Speeding cyclists in Clontarf may be forced to slow down

Dublin City Council audit raises concerns over paths shared by pedestrians and cyclists

A safety audit has raised concerns about the speeds cyclists are traveling at on the Clontarf cycle path (above) in north Dublin. Photograph; Dara Mac Dónaill/The Irish Times

A safety audit has raised concerns about the speeds cyclists are traveling at on the Clontarf cycle path (above) in north Dublin. Photograph; Dara Mac Dónaill/The Irish Times

 

Objects designed to slow down bicycles could be installed along the Clontarf cycle path and walkway to deal with speeding cyclists, a Dublin City Council safety audit suggests.

The audit, carried out for the council by DBFL Consulting Engineers, raised concerns about the speed that cyclists travel along the route as well as the speed at which they approach areas shared between cyclists and pedestrians.

It also highlighted other issues including pedestrians walking onto the cycle track, “causing cyclists to swerve to avoid them” and the problem of service vehicles and others parking in the cycle track.

The audit recommended installing signs to advise cyclists to give priority to pedestrians in shared areas of the route. It said if these did not work then “physical speed reducing measures” could be used.

“Cyclists travelling at high speeds on approach to/through the shared areas may fail to observe the shared area and as a result fail to give priority to pedestrians. The severity of any collisions/conflicts with pedestrians will increase with higher speeds,” the audit said.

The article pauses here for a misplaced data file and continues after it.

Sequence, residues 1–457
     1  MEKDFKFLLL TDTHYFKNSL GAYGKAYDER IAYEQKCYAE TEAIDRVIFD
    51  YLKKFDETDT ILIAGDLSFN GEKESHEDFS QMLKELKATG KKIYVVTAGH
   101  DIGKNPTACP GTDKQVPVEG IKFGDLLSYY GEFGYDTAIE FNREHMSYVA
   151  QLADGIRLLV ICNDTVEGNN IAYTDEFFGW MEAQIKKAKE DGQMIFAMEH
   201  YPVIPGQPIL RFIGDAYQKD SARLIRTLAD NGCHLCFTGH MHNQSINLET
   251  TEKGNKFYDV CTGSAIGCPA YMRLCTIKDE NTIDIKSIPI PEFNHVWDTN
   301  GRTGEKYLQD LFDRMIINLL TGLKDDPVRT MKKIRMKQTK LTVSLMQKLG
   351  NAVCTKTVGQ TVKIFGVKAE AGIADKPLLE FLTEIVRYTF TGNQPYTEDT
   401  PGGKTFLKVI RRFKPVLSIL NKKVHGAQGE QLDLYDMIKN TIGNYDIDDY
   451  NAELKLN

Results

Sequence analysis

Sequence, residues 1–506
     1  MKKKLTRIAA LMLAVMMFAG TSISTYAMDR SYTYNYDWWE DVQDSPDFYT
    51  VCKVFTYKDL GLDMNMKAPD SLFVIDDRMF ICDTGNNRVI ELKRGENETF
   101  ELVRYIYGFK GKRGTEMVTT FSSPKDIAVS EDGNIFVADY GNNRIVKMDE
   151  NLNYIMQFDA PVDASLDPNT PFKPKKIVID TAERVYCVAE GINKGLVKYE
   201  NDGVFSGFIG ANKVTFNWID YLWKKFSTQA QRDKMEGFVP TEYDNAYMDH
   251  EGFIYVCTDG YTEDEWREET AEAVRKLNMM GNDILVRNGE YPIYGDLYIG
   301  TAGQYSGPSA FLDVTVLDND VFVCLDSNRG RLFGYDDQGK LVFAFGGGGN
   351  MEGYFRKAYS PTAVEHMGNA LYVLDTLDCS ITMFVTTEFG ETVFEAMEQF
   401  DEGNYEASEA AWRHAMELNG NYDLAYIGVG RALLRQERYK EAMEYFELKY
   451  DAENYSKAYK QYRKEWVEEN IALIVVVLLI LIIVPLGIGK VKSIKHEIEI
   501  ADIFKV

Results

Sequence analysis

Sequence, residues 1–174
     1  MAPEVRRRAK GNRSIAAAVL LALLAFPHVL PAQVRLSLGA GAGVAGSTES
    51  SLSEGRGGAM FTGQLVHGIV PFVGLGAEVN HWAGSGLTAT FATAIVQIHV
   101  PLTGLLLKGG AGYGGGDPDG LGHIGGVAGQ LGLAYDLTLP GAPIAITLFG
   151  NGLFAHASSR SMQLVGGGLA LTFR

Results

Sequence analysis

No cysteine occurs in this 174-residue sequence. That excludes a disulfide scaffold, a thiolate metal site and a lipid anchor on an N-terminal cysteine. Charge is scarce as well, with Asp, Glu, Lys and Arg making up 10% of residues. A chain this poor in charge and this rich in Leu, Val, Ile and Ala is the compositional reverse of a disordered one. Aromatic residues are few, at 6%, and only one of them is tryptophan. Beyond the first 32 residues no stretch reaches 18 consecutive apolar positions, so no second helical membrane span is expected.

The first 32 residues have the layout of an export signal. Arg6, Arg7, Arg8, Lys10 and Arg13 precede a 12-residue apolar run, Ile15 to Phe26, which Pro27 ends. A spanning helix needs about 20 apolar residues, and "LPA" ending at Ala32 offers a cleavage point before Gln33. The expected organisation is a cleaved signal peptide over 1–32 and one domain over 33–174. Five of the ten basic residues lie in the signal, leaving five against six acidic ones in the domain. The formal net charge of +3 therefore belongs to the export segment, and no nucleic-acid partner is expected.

DBFL Consulting Engineers has raised concerns about the speed at which cyclists travel along the Clontarf cycle path as well as the speed at which they approach areas shared with pedestrians.
DBFL Consulting Engineers has raised concerns about the speed at which cyclists travel along the Clontarf cycle path as well as the speed at which they approach areas shared with pedestrians.

“Whilst cyclists travelling at high speeds along the route increases the severity and the likelihood for conflicts with other cyclists (ie during over taking manoeuvres etc).”

It continued: “supplementary signage should be provided on approach to the shared areas to warn cyclists of the upcoming shared area, to reduce their speed and the necessity to give priority to pedestrians.

“Following the implementation of the additional signage, monitor the situation and should cyclists fail to reduce their speeds to an acceptable level, it is recommended that other physical speed reducing measures be provided.”